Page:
Reno's gamble on tech startups is paying off
For most of America, Reno stirs images of worn-out casinos, strip clubs and quick divorces. But it is trying to change that reputation and reduce its reliance on gambling by taking advantage of its location and low taxes to gain a solid footing in the new economy.
The New York Times
RENO, Nev. — A street newly nicknamed Startup Row intersects this city’s old strip of casinos touting Money Maker Jackpots and Crazy Cash Slot Tournaments.
While old-fashioned slot machines are whirring nearby, this stretch of road has become a home for smartphone-app makers, cloud-computing developers and companies like one that builds tiny sensors that allow devices to connect to the Internet.
For most of America, Reno stirs images of worn-out casinos, strip clubs and quick divorces.
But it is trying to change that reputation and reduce its reliance on gambling by taking advantage of its location and low taxes to gain a solid footing in the new economy.
Instead of poker payouts, Reno now boasts of e-commerce ventures, an Apple data center and a testing ground for drones. It also hopes to attract a large factory to build batteries for Tesla’s electric vehicles.
“People believe in this town, and they’re tired of being presented as this joke,” said Abbi Whitaker, a local business owner. “When you’re at rock bottom, there’s a good chance to reinvent how you go up.”
Reno exemplifies how cities not far from California, including Boise and Tucson, Ariz., are trying to poach California’s technology culture to diversify their economies, marketing themselves as places where taxes are lower and environmental regulations are less onerous.
Reno is among the best situated, less than a four-hour drive from San Francisco and in a state with no corporate or inventory taxes.
It gained appeal nearly a decade ago after a licensing unit for Microsoft and a distribution warehouse for Amazon.com moved in.
California refugees were buying homes, lured by the relatively low cost of living and the 30-minute drive to Lake Tahoe.
Then came the Great Recession, walloping Reno’s gambling industry. At the end of the recession in 2009, homes had lost nearly half their value in 2006.
At its depths in September 2010, Reno’s unemployment rate was 13.4 percent compared with the national average, 9.5 percent, according to Moody’s Analytics.
But after several years scraping along the bottom in almost every measure of economic health, Reno appears poised to turn the corner, according to economists. Housing prices are starting to rise. The unemployment rate has declined to 7.1 percent.
New technology companies are arriving, and older ones are expanding. Zulily, a Seattle e-commerce company for women and children’s clothing and home décor, announced plans in May to double its warehouse and hire 600 people.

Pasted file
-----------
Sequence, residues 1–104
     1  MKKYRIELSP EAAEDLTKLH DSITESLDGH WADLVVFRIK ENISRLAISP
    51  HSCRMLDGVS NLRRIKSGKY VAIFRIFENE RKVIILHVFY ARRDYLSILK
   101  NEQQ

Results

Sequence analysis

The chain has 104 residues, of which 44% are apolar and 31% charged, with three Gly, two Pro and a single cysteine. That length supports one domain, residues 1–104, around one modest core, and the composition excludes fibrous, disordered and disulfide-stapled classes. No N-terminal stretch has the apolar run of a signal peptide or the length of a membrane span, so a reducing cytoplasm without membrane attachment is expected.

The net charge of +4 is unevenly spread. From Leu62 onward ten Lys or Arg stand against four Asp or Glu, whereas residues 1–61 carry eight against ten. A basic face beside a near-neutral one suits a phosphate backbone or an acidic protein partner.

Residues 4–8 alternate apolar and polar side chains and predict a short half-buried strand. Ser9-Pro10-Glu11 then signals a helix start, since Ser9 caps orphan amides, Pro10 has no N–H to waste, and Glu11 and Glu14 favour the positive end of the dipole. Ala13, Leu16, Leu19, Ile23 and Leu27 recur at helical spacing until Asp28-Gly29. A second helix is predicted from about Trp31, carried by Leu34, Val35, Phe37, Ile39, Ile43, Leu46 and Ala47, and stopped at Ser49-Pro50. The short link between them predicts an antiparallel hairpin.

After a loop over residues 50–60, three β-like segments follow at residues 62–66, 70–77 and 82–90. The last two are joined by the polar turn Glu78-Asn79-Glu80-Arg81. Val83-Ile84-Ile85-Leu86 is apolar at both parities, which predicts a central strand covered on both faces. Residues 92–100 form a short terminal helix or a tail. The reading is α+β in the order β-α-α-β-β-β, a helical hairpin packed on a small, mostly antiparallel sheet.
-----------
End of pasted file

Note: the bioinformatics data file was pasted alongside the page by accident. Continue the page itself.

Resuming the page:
Most of all, civic boosters are on edge waiting for Tesla, Elon Musk’s electric-vehicle company, to announce the location of its new battery factory that is expected to employ more than 6,000 people.
Tesla has said it is considering Nevada, Texas, California, Arizona and New Mexico.
Reno competes for new businesses with Salt Lake City and Arizona, all of which are convenient for online retailers to set up shipping locations for customers in the West.
In Reno, where many workers have been employed in some aspect of the gambling industry, the workforce is less educated than in more populous cities, economists said.
Tesla, for instance, might have to recruit from elsewhere to find enough trained workers.
“We’re not going to wait for the gaming industry to come back,” said Mike Kazmierski, president of the Economic Development Authority of Western Nevada. “It’s not going to. So what are our strengths, and how do we capitalize on them?”
Kazmierski is encouraging Reno to prepare for the new kinds of companies his team is wooing.
A major part of his strategy is just up the hill from Reno’s casino strip: the University of Nevada, Reno.
The campus of 18,000 students has not played a major role in the city’s economy and is separated from the rest of town by Interstate 80. Students often earn their degrees and leave.
But it is starting to work with Kazmierski’s team to make sure students are trained in specific skills or even the languages needed by companies looking to settle in Reno.
The university created an on-campus office space for an Australian drone company that decided to open a research outlet in Reno, one of a handful of locations the federal government has selected for testing unoccupied aerial vehicles.
Separately, the university announced plans to take over an empty downtown building that will house a center for drone research.
Three years ago, Reno and the neighboring town of Sparks averaged four tours a month for prospective companies. Kazmierski said that had increased to 10, with scouts from 14 companies visiting in May.
“The most challenging obstacle to get over is our image,” he said. “That image of a second-tier kind of Vegas is embedded in their heads.”
Visiting executives are surprised to learn that the Truckee River cuts through downtown, where a restaurant scene is emerging.
Bike paths wind through the city and beyond, and urban gardeners raise chickens in their backyards. A new downtown boutique hotel has no casino. Instead, its main feature is its 164-foot climbing wall.
The Reno Collective, along Startup Row, offers a shared work space to foster entrepreneurialism.
In the same building, Eric Jennings set up his company, Pinoccio, two years ago, making tiny radio sensors for enabling Internet connectivity.
“There’s such a low barrier to entry here,” Jennings said. “If you’re passionate about something, you can just take it on.”